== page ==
In Need a hand, re: CAPTCHA compliance, J.C. Hutchins promises to contact Apple concerning this issue. I will be quite interested to know their response, if any, on this matter. I also thank J.C. for his prompt willingness to take this bull by the horns and work toward a resolution. Of course, the podcast is a great listen! It is full of clones, conspiracies, memory duplication and other similar themes I enjoy reading about in science fiction novels.
The following letter was composed and sent to Dr. Marc Maurer, President, National Federation of the Blind, on July 28, 2007. It has been five weeks now. We continue to await a response from the organization concerning their official position and willingness to dedicate additional resources to these critical accessibility concerns.
July 28, 2007
Dear Dr. Maurer:
My name is Darrell Shandrow. You and I met a number of times at NFB national conventions and the National Center for the Blind. I am an online accessibility evangelist, operating a blog known as Blind Access Journal. It can be found at http://www.blindaccessjournal.com. My purpose for writing this letter is to ask you to direct some of the resources of the National Federation of the Blind toward effectively advocating equal accessibility of CAPTCHA (visual verification) and other multifactor authentication systems for the blind and visually impaired.
In CAPTCHA and some hardware based multifactor authentication schemes, a string of distorted characters is presented visually, and entry of those characters into an edit field is required in order to be granted access to a protected system. The purpose of CAPTCHA is to differentiate between a script or other automated computer program designed to abuse a resource and a real human being who desires legitimate access. Visual multifactor authentication schemes provide a second level of security beyond the traditional username and password. Pictures can’t be interpreted or automatically conveyed using Braille or speech access devices and many hardware security keys still do not provide any alternative output mechanisms. Until an accessible alternative is made available, people with vision loss can’t see the code to be entered into the box to be granted admission.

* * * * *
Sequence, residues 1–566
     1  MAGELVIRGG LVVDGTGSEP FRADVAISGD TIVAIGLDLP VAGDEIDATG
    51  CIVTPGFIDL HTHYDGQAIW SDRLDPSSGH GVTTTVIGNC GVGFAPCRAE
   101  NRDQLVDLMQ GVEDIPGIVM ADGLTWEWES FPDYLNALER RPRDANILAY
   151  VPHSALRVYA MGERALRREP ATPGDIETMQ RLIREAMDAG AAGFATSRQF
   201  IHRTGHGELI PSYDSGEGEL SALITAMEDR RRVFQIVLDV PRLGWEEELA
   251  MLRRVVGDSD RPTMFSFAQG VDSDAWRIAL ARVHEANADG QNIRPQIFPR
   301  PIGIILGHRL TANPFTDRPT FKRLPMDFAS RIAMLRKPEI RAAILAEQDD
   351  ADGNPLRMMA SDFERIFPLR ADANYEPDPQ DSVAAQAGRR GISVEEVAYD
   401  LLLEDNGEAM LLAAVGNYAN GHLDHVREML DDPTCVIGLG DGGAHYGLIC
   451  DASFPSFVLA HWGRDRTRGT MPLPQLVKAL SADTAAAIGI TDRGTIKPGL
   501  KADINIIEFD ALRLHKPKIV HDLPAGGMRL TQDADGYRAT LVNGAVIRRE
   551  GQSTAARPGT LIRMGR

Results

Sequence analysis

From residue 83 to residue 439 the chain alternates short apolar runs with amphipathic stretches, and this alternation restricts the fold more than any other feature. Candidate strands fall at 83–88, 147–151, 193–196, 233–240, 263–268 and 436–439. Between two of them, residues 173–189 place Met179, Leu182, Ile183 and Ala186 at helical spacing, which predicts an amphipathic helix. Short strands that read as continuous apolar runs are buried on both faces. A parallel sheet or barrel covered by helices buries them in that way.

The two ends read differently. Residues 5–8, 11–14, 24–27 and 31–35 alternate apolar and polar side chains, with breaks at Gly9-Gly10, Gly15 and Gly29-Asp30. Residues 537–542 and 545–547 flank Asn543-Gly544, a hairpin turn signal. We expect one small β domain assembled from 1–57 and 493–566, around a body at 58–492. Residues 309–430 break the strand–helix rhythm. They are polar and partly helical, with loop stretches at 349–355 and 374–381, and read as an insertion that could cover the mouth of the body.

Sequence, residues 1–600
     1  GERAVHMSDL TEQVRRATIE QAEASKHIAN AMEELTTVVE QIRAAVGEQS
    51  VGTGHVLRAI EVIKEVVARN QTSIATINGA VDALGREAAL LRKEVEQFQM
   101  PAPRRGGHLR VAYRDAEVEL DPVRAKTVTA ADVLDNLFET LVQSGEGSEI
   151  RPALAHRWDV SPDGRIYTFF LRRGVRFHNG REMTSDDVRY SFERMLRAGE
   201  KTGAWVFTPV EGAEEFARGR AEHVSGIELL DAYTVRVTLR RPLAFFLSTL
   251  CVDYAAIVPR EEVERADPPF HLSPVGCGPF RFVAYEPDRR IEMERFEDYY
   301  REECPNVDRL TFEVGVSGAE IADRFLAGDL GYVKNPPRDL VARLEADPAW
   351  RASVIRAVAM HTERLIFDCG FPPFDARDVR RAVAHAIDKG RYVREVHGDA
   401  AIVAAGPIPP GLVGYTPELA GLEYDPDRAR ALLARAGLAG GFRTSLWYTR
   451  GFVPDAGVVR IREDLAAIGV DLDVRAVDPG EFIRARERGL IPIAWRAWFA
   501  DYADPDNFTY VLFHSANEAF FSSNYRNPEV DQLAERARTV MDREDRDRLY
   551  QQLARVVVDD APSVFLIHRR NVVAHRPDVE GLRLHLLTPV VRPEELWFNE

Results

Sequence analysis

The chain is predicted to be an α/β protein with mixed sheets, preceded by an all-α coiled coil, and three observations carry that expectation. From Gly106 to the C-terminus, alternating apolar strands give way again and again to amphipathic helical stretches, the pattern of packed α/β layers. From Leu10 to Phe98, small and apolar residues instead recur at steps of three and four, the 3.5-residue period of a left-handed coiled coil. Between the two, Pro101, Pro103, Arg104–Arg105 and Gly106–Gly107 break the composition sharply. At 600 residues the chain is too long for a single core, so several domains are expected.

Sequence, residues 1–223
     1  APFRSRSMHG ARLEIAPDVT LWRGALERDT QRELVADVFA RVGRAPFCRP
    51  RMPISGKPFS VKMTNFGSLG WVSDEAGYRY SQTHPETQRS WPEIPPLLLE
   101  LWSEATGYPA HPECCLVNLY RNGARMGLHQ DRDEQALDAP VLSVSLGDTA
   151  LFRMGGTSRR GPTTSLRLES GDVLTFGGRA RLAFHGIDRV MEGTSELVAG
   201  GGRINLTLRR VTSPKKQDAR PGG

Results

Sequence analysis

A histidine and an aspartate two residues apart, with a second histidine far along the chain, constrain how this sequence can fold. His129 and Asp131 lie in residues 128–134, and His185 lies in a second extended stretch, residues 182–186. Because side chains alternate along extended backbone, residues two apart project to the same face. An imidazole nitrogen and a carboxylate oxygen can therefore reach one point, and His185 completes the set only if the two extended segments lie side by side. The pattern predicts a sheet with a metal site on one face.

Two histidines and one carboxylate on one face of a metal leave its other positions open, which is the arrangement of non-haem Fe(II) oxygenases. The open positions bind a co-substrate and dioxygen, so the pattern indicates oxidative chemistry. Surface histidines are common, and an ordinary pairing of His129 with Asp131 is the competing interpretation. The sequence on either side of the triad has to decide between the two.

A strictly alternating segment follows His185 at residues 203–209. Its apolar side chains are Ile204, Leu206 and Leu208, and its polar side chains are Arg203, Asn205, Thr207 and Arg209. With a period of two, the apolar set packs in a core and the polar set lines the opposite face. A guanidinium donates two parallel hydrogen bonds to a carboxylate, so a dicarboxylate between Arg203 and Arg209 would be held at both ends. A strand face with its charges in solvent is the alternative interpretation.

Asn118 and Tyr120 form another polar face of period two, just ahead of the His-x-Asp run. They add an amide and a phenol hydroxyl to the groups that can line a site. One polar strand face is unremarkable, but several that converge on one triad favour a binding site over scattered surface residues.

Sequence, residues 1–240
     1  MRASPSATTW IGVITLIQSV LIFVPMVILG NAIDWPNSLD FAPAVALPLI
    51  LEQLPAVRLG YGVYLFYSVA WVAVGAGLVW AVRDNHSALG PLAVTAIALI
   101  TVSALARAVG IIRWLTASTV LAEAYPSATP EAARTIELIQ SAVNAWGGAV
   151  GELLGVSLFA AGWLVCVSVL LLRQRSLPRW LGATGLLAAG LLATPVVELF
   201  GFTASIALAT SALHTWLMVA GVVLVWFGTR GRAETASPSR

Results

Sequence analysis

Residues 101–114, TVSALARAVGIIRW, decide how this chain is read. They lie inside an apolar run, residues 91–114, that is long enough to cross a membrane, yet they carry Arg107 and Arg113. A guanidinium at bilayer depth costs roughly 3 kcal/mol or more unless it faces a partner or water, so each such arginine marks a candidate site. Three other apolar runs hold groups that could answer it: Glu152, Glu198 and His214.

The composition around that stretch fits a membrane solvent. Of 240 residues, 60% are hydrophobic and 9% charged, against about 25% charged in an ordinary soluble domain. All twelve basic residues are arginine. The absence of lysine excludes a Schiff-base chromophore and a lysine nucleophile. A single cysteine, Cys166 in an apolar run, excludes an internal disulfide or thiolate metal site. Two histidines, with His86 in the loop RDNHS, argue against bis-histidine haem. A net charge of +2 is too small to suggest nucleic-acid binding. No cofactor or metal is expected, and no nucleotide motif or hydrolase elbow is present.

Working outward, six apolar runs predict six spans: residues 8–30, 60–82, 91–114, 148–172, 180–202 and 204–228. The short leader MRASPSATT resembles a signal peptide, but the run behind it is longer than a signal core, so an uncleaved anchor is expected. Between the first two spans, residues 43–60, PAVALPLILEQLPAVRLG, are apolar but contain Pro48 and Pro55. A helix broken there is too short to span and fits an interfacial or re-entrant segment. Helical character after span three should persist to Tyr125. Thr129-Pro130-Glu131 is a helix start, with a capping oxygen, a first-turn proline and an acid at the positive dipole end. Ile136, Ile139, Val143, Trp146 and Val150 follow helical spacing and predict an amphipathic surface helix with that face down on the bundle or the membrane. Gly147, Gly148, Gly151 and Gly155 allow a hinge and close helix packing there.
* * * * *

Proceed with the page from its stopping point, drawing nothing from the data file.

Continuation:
There now exists a number of techniques to reasonably accomodate CAPTCHA and multifactor authentication for the blind and visually impaired. The most commonly implemented accomodation is an audio CAPTCHA, where the characters in the image are audibly played back to the blind or visually impaired user for correct entry into the edit box. America Online, Microsoft and PRWeb are examples of companies offering this form of accomodation.
Another form of accomodation is a text based CAPTCHA. In such a scheme, a user is asked to solve a simple logic or math problem or answer a basic question in order to be granted admission. The Federal Emergency Management Agency (FEMA) is an example of an agency that uses such a text based solution. Some technology experts say this solution is relatively easily cracked by computer programs, so it probably will not be widely implemented in its current form.
A third form of accomodation involves the need for manual human intervention on the part of the company requiring the CAPTCHA. In such a scheme, the resource is protected with a visual CAPTCHA along with a link to click, an e-mail address to write a message or a telephone number to call. The blind person clicks the link, writes the e-mail or calls the telephone number to receive assistance. Unfortunately, this approach is fraught with serious challenges that make it completely unworkable in most cases where it is in use. When a blind user fills out the form, writes the e-mail or calls the number, it is absolutely necessary that the request for help be fulfilled immediately in order for the solution to provide a level of access equal to that enjoyed by his or her sighted peers. In almost all cases, such requests for assistance either go completely unanswered or are answered in an inappropriate time frame, perhaps days after the request is made. Another serious problem is the actions taken once the requests are answered. Are there specific processes in place for effectively delivering these reasonable accomodations? Are all employees who may be taking the calls properly trained to follow the procedures? It has been proven to us over and over that the unfortunate answer to both questions is a resounding “no”. Though some companies are willing to offer these manual interventions as reasonable accomodations, it is clear that, in all cases we have experienced, they do not take seriously the promise to actually deliver the goods. Examples of web sites supposedly offering the human intervention method of accomodation include GoDaddy.com, Slashdot.org, ticketmaster.com and Yahoo.com.